Moscow, 30 January 2004 (RFE/RL) -- At an ordinary high school on Dostoyevsky Street in central Moscow, the students in Class 11A are preparing for their final exams, still six months away.
For these 17-year-olds, Lenin, Stalin, and totalitarianism are notions of the past. In fact, their history teacher, Yekaterina Kozlova, sometimes has a hard time convincing them that traces of the country's Soviet past can still be felt today.
"This is an attempt to use command methods to solve a problem that is objectively complex."
In the course of the day's lesson -- about the political regimes of the 20th century -- Kozlova turns to Ilyusha, a gangly boy in the third row. "What could we call the regime in Russia today, 10 years after the fall of the communists?" she asked. "How might it develop?"
Kozlova: "Perestroika. Do you know what that is? It's a period of post-totalitarian renewal. But is there a risk that the [current regime] could move toward authoritarianism?"
Ilyusha (hesitant): "I think there is a risk."
Moving on to nationalism and national socialism, Kozlova tries to draw on parallels taken from contemporary events. Kozlova: "But we're also quite good at that sort of thing, aren't we? I think we can find a present example, can't we?"
Student: "Well, yes, for instance, in the lack of respect we show those we insult as 'people of the [North-]Caucasus nationalities.' That kind of nationalism is visible everywhere, especially in the capital."
Throughout her history and political science classes, Kozlova says she tries to stick to one guiding principle. "My main credo is to not impose my own views, but to give [students] the broadest possible look at various points of view, insofar as that is possible," she said. "Until this year, there was a large selection of study materials, so I could offer a lot to choose from, and that gives [the students] the opportunity to widen their perception of history."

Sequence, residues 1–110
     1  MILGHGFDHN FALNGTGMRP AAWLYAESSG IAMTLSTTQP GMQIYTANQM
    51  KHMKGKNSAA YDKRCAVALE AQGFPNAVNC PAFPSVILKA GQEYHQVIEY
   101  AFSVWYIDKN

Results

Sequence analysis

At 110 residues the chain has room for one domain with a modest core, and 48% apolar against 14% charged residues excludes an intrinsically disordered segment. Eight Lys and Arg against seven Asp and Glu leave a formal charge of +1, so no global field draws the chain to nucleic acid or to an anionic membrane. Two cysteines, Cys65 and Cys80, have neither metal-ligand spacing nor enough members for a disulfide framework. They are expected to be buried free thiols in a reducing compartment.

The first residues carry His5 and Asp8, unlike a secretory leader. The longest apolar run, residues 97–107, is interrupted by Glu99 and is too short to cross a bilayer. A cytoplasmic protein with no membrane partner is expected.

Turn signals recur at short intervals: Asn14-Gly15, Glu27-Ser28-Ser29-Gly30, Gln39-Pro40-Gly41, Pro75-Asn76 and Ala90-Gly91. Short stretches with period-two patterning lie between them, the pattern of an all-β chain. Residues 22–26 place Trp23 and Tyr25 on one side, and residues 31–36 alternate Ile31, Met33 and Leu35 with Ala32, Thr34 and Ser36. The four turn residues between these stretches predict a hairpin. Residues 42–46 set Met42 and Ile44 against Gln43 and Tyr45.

As simple as these convictions may seem, Kozlova admits she adopted them with difficulty after her Soviet education. Kozlova was about to begin her first teaching job in 1988, during the peak of perestroika. But as the country slowly became aware of the scope of Soviet historical revisionism, she says she was overwhelmed by the thought of teaching a history she wasn't sure she knew anymore.
So for 10 years, she refused to teach, plowing instead through history books and archives in an attempt to catch up. But now she says teaching has once again become difficult, for a different reason -- the moves by Russian authorities to scale back what they saw as the liberties taken by new history texts.
One such text is Igor Dolutskii's "National History, 20th Century," which served as a textbook for half a million students across Russia over the past 10 years, and which has now lost its Education Ministry seal of approval. Kozlova says she hated giving up the Dolutskii text, which dips generously into archive materials to help trace Russia's tumultuous history from the fall of the Romanovs to the collapse of the Soviet Union.